As CMW attendees and delegates lined up to collect their passes at the Sheraton yesterday afternoon, Music Ontario hosted one of the first events on the conference sked, a Town Hall meeting entitled Opportunities Ontario.
In the words of their literature, this was “designed to engage various constituents from across the province to discuss ideas, troubleshoot common concerns and brainstorm mutually beneficial opportunities to connect the greater community.”
The meeting was ably chaired by Brian Hetherman of Music Ontario, and the org did a fine job of assembling major players in provincial funding bodies and other music associations. The grouping included FACTOR head Duncan McKie, Marina Adam of the Ontario Music Fund, Erin Benjamin of Music Canada Live, representatives of the Ontario Arts Council, ACTRA, Folk Music Ontario, Work In Culture, and the Toronto Public Library music program, Bruce Good of the CMAO, John Bartlett of Kelp Music, City of Toronto Music Sector head Mike Tanner, and his counterparts from London, Hamilton, and Ottawa.
In his self-introduction, Bruce Good quipped that “we don’t give money away but we’ll gladly take some!”
Unsurprisingly, the bulk of the questions from the floor were directed to those with money to give away. Those representing FACTOR, the OMF, and the OAC all gave valuable information on their funding and how it can be accessed.
One questioner criticized the FACTOR website for being hard to navigate. McKie’s response was that “with 14 programs, it is complicated. We are trying to make it better.” He generously offered up FACTOR’s hotel suite number at CMW, inviting anyone with concerns to drop by.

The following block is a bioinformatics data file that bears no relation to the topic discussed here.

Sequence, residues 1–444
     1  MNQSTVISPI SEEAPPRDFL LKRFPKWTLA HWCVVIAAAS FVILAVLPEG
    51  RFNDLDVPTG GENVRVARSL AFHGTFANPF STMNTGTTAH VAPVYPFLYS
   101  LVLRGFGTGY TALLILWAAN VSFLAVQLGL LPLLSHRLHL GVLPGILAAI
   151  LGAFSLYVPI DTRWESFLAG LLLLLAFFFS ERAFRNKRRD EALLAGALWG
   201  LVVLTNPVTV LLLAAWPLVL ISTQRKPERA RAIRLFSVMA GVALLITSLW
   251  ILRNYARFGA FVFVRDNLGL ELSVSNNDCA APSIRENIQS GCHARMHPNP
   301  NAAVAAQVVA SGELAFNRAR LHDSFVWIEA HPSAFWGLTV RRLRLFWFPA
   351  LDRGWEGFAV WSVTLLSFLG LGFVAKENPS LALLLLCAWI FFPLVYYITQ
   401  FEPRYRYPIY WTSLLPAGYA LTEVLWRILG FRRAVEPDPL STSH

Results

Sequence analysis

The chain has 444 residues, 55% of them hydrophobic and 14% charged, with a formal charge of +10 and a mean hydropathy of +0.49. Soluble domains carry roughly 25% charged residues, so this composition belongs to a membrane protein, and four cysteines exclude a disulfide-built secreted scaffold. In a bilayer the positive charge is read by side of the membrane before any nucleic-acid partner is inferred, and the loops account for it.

Both FACTOR and the OAC estimated that just one of 15 applicants received funding, but they stressed that their jury process includes constructive comments for unsuccessful applicants. They also emphasized that those seeking funding can apply to both.
McKie noted a recent change in FACTOR’s Artist Development program, in which the funding amount has been increased to $2000 from $1500, and with an easing of restrictions on how that money can be spent.
Adam provided details about the four different programs in the Ontario Music Fund and the eligibility requirements for each one.
The different city music sector officers outlined the steps they’re taking in making their cities more music-friendly, and stressed that they consult amongst each other.
Tanner acknowledged that their 311 initiative in which callers to Toronto city hall’s phoneline hear music from local artists played was borrowed from Ottawa’s example. He also announced that the twice-monthly music performances at City Hall will move outside for the summer months.
In all, the Town Hall proved itself a worthy concept, one worthy of repetition.